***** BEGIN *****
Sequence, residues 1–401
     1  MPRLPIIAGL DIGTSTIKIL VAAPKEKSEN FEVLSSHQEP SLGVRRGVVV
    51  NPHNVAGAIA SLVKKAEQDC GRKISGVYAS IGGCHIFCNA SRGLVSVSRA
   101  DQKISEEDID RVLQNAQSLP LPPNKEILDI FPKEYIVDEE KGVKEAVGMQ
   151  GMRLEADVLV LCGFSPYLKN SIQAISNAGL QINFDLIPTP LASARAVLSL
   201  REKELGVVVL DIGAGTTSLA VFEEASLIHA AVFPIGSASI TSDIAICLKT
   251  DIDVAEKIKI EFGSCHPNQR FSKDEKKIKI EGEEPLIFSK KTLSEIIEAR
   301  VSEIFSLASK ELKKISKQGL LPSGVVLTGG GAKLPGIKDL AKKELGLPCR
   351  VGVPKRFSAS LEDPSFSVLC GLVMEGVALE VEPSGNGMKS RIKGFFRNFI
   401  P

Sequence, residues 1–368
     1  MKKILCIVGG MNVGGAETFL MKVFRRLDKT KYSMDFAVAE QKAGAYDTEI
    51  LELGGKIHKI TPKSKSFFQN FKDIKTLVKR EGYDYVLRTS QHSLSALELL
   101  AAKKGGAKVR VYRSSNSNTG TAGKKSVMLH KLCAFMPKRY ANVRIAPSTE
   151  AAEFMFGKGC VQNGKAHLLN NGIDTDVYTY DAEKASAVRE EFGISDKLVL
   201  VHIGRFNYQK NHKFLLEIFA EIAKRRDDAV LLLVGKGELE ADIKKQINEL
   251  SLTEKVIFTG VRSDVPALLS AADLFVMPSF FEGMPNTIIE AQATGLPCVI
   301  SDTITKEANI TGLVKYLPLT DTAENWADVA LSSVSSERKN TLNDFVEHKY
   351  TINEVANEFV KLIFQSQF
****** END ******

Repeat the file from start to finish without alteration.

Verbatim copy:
Sequence, residues 1–401
     1  MPRLPIIAGL DIGTSTIKIL VAAPKEKSEN FEVLSSHQEP SLGVRRGVVV
    51  NPHNVAGAIA SLVKKAEQDC GRKISGVYAS IGGCHIFCNA SRGLVSVSRA
   101  DQKISEEDID RVLQNAQSLP LPPNKEILDI FPKEYIVDEE KGVKEAVGMQ
   151  GMRLEADVLV LCGFSPYLKN SIQAISNAGL QINFDLIPTP LASARAVLSL
   201  REKELGVVVL DIGAGTTSLA VFEEASLIHA AVFPIGSASI TSDIAICLKT
   251  DIDVAEKIKI EFGSCHPNQR FSKDEKKIKI EGEEPLIFSK KTLSEIIEAR
   301  VSEIFSLASK ELKKISKQGL LPSGVVLTGG GAKLPGIKDL AKKELGLPCR
   351  VGVPKRFSAS LEDPSFSVLC GLVMEGVALE VEPSGNGMKS RIKGFFRNFI
   401  P

Sequence, residues 1–368
     1  MKKILCIVGG MNVGGAETFL MKVFRRLDKT KYSMDFAVAE QKAGAYDTEI
    51  LELGGKIHKI TPKSKSFFQN FKDIKTLVKR EGYDYVLRTS QHSLSALELL
   101  AAKKGGAKVR VYRSSNSNTG TAGKKSVMLH KLCAFMPKRY ANVRIAPSTE
   151  AAEFMFGKGC VQNGKAHLLN NGIDTDVYTY DAEKASAVRE EFGISDKLVL
   201  VHIGRFNYQK NHKFLLEIFA EIAKRRDDAV LLLVGKGELE ADIKKQINEL
   251  SLTEKVIFTG VRSDVPALLS AADLFVMPSF FEGMPNTIIE AQATGLPCVI
   301  SDTITKEANI TGLVKYLPLT DTAENWADVA LSSVSSERKN TLNDFVEHKY
   351  TINEVANEFV KLIFQSQF